You often use multiple strands of wire to reduce the effect of skin depth. The skin depth itself will stay the same.
The way this is normally done is to use 'Litz' wire, which is made up from multiple strands, sometimes more than 100 individual strands. You can also make your own by twisting together a number of strands, though it probably won't be as tidy as commercial Litz.
The wire used has to have self-fluxing solderable enamel. Although most wire has this these days, you may pick up some very old stock that doesn't solder well. This is essential as it's impractical to terminate all strands manually. With self-fluxing, you heat the end of the wire together with some multicore solder, and the enamel burns back and allows the wire to tin.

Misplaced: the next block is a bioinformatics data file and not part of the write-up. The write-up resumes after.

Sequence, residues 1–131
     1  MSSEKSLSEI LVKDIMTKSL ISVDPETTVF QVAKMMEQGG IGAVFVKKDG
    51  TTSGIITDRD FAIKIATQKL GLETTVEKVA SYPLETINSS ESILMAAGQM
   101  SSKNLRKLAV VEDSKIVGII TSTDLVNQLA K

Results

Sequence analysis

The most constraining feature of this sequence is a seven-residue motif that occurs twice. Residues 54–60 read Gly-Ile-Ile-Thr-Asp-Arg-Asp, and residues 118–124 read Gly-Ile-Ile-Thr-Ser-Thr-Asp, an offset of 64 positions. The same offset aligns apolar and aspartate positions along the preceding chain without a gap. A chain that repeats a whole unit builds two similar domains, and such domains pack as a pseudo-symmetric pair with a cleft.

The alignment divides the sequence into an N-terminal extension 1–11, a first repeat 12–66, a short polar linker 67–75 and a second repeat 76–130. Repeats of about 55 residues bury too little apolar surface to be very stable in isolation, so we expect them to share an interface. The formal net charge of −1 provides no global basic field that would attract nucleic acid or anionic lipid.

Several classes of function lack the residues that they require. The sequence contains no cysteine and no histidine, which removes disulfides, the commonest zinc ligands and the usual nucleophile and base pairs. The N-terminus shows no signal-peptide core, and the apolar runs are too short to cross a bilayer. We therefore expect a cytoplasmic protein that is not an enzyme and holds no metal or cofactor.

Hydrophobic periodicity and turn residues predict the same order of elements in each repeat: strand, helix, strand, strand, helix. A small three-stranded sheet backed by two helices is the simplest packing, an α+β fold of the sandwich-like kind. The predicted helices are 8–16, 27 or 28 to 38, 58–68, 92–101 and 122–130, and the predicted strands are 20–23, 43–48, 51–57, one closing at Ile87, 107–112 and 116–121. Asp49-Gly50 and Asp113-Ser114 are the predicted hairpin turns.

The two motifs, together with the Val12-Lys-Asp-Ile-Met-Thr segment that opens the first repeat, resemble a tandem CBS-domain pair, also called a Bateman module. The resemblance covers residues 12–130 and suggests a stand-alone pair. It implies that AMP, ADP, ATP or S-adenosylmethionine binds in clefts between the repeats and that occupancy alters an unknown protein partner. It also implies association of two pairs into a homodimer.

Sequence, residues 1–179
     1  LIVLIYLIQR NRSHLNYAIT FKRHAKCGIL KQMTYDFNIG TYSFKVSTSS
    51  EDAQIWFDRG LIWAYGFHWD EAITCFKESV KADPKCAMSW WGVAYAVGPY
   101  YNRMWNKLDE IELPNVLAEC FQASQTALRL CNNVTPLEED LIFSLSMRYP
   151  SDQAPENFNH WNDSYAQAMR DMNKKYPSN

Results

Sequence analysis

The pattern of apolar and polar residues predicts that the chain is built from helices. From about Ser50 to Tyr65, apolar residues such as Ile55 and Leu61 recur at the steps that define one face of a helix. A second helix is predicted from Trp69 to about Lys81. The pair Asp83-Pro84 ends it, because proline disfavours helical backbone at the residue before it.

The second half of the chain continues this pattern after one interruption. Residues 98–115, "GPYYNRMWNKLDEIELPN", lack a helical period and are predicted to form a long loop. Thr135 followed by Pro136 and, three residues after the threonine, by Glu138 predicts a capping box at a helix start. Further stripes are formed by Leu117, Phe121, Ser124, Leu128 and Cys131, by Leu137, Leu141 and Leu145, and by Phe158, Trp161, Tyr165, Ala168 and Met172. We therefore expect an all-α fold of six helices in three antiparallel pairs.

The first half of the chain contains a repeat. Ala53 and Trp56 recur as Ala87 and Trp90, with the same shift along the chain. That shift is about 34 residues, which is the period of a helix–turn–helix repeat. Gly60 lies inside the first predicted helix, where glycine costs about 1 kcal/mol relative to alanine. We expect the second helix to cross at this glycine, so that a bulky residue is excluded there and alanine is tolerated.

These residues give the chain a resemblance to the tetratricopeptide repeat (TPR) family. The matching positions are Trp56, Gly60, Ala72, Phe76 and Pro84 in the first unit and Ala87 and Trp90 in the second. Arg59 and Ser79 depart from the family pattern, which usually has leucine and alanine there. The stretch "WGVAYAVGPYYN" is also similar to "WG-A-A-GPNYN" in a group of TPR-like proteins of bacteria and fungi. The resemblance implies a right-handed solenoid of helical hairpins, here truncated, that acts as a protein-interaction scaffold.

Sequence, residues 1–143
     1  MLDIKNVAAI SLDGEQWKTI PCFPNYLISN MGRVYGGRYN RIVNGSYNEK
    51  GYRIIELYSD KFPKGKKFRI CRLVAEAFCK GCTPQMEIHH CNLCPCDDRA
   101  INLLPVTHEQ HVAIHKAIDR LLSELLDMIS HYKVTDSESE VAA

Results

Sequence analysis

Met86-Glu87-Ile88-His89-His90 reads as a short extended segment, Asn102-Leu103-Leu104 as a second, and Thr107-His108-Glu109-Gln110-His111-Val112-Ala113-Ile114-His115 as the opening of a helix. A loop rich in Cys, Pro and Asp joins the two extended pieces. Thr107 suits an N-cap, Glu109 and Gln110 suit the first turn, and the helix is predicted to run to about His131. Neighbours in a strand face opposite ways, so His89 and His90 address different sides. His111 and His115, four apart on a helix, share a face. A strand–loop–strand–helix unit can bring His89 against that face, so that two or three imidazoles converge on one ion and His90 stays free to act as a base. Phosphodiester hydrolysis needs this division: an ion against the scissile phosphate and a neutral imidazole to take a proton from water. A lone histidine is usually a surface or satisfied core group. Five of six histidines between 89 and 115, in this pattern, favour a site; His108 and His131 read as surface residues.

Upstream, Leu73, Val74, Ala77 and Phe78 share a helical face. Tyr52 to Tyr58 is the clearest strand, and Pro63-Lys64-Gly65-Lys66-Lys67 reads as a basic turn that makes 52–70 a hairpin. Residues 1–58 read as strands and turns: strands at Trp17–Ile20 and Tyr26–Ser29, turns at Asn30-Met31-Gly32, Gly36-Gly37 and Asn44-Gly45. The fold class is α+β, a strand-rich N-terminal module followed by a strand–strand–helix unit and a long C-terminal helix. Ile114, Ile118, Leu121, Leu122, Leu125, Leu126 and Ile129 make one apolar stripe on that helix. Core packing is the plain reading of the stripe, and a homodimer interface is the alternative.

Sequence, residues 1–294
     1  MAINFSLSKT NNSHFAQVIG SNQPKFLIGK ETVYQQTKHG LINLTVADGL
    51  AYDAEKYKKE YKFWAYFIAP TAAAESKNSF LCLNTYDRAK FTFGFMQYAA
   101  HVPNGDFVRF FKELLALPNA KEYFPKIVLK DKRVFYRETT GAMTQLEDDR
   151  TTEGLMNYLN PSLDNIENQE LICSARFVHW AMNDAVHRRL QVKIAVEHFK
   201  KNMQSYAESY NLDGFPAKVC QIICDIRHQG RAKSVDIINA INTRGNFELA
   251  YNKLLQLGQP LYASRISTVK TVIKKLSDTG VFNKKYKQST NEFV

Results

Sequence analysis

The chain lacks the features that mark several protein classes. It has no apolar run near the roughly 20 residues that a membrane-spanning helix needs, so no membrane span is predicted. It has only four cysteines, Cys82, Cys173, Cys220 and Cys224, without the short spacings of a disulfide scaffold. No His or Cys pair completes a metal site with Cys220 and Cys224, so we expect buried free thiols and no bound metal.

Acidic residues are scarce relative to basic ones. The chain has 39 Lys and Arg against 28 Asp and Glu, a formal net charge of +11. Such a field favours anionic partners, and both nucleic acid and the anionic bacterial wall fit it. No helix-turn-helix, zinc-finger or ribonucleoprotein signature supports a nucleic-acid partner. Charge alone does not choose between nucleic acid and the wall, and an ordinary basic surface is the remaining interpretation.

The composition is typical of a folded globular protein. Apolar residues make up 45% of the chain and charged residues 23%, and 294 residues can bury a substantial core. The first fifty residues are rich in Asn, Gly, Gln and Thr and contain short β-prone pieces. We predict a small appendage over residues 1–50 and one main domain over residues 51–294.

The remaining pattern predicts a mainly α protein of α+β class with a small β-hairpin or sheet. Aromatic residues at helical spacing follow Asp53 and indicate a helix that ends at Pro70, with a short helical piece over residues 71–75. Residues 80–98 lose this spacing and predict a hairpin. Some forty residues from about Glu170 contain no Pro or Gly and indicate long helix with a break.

Litz wire is only beneficial over a limited range of frequencies. At low frequencies, audio and below, skin depth is rarely a problem for practical wire thickness. At high frequencies, more than a few MHz, the skin depth is so small that Litz can't be made fine enough to benefit, given that its construction includes much insulation and air, and it's best to go back to a single wire. Within that frequency range, check skin depth tables for the wire diameter you want to use, to see whether it's worth using.
All Litz wire does is to reduce the copper loss. This is only one component of the system loss, the other important contributors being ferrite core loss, and semiconductor conduction and switching losses. It will make your transformer run slightly cooler. Whether that's needed, or a 'nice to have', is down to the detail of your system. Unless you are shooting for the ultimate in efficiency, it's usually possible to use single core.
A slightly different application where you sometimes must use Litz is when winding inductors intended for LC filters. The loss impacts the acheivable Q, a much more fundamental spec point than flyback efficiency.